EPSTEIN-BARR VIRUS TRANSFORMATION OF B LYMPHOCYTE SUBPOPULATIONS
Epstein-Barr virus is a herpes virus distinguished by its remarkable specificity for the B lymphocyte of humans and certain other primates. Although the transformation process is very efficient, is has become clear that only a fraction of B lymphocytes is susceptible. Therefore the question may be raised if transformation is related to B cell stage of activation. B cells were purified from peripheral blood mononuclear cells by the removal of monocytes using elutriation and sheep red blood cell rosetting to remove T cells. Retesting B cells were purified using discontinuous Percoll gradients. Activation of resting cells for 24 hours with anti-mu or Staphylococcus aureus Cowan I (SAC) resulted in transition of susceptible cells into the G(,1) phase of the cell cycle as shown by an increase in cell size, an increase in uridine incorporation and an increase in sensitivity to B cell growth factor (BCGF). Entry into S phase was achieved by extending the period of activation to 48-96 hr as shown by an increase in thymidine incorporation. By this criterion, SAC activated cells entered S phase on day 2 and anti-mu treated cells on day 3. Control (G(,0)) cells and cells activated for varying lengths of time (G(,1), G(,1) plus S) were exposed to EBV and plated in a limiting dilution assay to determine the frequency of EBV-transformable cells. Control cells and cells activated for 24 hr had a precursor frequency of 1% to 2%. With continued activation, however, precursor frequency decreased as a function of the duration of activation. The decrease in frequency of transformable cells correlated with the entry of the population into S phase. The transformation frequency in the SAC-treated population was reduced twenty-fold on day 4, whereas in the anti-mu treated population it was reduced ten-fold. Treating cells with BCGF in conjunction with low concentrations of anti-mu decreased the transformation frequency to levels lower than anti-mu alone, further suggesting that entry into S phase is accompanied by a reduction in transformability. These results indicate that resting B cells are highly susceptible to transformation and that with in vitro activation into the cell cycle B cells become progressively insensitive to EBV.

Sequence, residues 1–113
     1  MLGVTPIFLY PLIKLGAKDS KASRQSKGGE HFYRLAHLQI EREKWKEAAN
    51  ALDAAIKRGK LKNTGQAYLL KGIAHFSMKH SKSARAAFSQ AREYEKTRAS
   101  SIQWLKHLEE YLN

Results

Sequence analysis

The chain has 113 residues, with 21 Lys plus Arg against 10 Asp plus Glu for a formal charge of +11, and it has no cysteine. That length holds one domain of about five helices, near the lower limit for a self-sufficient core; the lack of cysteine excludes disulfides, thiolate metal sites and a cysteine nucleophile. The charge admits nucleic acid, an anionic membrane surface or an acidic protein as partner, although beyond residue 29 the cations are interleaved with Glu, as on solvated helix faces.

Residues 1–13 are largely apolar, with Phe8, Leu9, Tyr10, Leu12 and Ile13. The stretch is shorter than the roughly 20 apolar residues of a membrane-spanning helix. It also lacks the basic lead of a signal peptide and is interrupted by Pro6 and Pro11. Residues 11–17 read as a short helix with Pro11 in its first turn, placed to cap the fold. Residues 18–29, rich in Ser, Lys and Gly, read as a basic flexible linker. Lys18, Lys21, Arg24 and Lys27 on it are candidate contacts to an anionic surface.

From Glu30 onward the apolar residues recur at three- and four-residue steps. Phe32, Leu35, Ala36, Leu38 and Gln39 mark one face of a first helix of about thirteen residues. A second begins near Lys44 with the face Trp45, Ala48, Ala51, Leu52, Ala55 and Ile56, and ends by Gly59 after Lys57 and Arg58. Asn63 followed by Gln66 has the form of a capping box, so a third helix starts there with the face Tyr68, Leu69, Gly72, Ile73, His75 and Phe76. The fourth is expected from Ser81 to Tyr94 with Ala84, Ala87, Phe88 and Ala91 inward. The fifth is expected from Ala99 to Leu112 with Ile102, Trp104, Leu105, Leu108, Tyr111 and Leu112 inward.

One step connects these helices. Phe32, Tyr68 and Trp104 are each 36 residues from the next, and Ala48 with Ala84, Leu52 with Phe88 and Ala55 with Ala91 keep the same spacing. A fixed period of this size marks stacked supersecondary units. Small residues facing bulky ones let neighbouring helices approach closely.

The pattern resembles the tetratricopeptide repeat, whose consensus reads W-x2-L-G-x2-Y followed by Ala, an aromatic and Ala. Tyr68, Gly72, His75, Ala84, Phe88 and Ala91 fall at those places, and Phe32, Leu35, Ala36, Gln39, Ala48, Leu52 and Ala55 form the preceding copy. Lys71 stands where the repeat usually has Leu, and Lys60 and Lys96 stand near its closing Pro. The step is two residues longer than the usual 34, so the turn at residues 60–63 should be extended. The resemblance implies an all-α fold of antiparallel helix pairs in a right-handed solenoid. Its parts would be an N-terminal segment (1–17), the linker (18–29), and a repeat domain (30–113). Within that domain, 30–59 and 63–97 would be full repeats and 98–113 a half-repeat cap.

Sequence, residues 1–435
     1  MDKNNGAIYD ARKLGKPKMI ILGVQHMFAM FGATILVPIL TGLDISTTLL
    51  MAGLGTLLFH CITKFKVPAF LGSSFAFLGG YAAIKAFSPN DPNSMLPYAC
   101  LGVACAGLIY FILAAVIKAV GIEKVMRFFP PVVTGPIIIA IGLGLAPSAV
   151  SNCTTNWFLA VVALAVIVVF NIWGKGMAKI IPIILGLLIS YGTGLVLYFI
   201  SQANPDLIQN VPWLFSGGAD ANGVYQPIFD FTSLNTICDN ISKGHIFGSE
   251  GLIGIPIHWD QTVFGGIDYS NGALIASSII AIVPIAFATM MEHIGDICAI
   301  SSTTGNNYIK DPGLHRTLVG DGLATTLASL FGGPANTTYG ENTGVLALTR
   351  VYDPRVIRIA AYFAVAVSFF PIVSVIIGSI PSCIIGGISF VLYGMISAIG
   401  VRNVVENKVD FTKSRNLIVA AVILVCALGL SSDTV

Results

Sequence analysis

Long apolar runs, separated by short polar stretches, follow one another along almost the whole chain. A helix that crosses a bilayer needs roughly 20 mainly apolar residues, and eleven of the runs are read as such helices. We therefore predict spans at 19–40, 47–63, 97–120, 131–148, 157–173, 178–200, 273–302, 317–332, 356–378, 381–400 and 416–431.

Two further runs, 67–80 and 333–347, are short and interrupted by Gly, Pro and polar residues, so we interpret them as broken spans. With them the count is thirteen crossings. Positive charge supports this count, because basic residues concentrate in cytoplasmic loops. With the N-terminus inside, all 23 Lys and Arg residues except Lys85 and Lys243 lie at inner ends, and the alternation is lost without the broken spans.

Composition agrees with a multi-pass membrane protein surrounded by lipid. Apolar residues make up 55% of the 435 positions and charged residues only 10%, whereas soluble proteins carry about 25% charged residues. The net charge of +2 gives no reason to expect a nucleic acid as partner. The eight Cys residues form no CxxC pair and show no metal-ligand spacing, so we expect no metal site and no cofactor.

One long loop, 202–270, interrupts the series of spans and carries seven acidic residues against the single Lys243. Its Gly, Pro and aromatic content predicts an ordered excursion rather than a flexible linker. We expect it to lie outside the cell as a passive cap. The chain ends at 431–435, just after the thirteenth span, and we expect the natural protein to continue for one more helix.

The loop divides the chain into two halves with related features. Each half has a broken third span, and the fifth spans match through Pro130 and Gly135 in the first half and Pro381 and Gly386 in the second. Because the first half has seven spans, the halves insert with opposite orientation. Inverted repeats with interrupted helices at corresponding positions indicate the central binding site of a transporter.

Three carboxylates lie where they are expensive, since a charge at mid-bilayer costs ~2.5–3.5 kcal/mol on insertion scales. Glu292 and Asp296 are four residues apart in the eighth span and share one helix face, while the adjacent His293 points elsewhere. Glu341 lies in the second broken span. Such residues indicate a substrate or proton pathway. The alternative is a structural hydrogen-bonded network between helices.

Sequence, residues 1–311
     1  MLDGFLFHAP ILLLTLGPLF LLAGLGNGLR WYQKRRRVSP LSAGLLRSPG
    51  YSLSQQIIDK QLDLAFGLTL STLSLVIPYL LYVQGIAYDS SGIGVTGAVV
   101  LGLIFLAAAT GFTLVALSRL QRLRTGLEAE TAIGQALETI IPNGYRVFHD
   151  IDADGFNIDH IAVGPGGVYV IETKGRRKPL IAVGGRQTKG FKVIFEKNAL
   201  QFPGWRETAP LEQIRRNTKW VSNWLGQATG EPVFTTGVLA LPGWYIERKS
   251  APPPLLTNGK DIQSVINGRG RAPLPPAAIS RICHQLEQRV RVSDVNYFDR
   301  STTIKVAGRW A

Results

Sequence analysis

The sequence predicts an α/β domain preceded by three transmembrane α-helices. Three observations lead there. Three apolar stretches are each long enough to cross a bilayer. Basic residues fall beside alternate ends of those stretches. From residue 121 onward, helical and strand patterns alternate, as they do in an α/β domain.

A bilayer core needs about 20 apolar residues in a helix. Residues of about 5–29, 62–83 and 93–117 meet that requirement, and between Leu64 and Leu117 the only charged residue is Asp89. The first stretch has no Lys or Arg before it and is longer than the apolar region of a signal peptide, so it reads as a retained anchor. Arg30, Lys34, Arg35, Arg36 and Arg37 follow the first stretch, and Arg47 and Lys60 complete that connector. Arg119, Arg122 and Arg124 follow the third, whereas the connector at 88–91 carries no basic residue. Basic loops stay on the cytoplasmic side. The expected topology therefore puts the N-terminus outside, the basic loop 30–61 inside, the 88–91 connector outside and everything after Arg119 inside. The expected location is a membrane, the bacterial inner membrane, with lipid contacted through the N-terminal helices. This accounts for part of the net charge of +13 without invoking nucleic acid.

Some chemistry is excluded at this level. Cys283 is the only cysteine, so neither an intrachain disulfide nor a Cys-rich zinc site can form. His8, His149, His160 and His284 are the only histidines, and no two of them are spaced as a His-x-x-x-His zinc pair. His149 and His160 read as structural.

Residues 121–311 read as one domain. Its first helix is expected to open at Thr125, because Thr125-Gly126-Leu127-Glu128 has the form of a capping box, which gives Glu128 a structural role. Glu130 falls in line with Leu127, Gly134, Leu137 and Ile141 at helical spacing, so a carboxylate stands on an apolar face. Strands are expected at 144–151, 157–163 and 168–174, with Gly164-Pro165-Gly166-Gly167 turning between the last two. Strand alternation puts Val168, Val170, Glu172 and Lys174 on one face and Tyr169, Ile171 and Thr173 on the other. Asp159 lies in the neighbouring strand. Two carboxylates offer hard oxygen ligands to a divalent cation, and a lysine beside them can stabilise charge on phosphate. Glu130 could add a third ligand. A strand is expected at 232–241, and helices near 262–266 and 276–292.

ROOME, AARON JAMES, "EPSTEIN-BARR VIRUS TRANSFORMATION OF B LYMPHOCYTE SUBPOPULATIONS" (1986). Texas Medical Center Dissertations (via ProQuest). AAI8616599.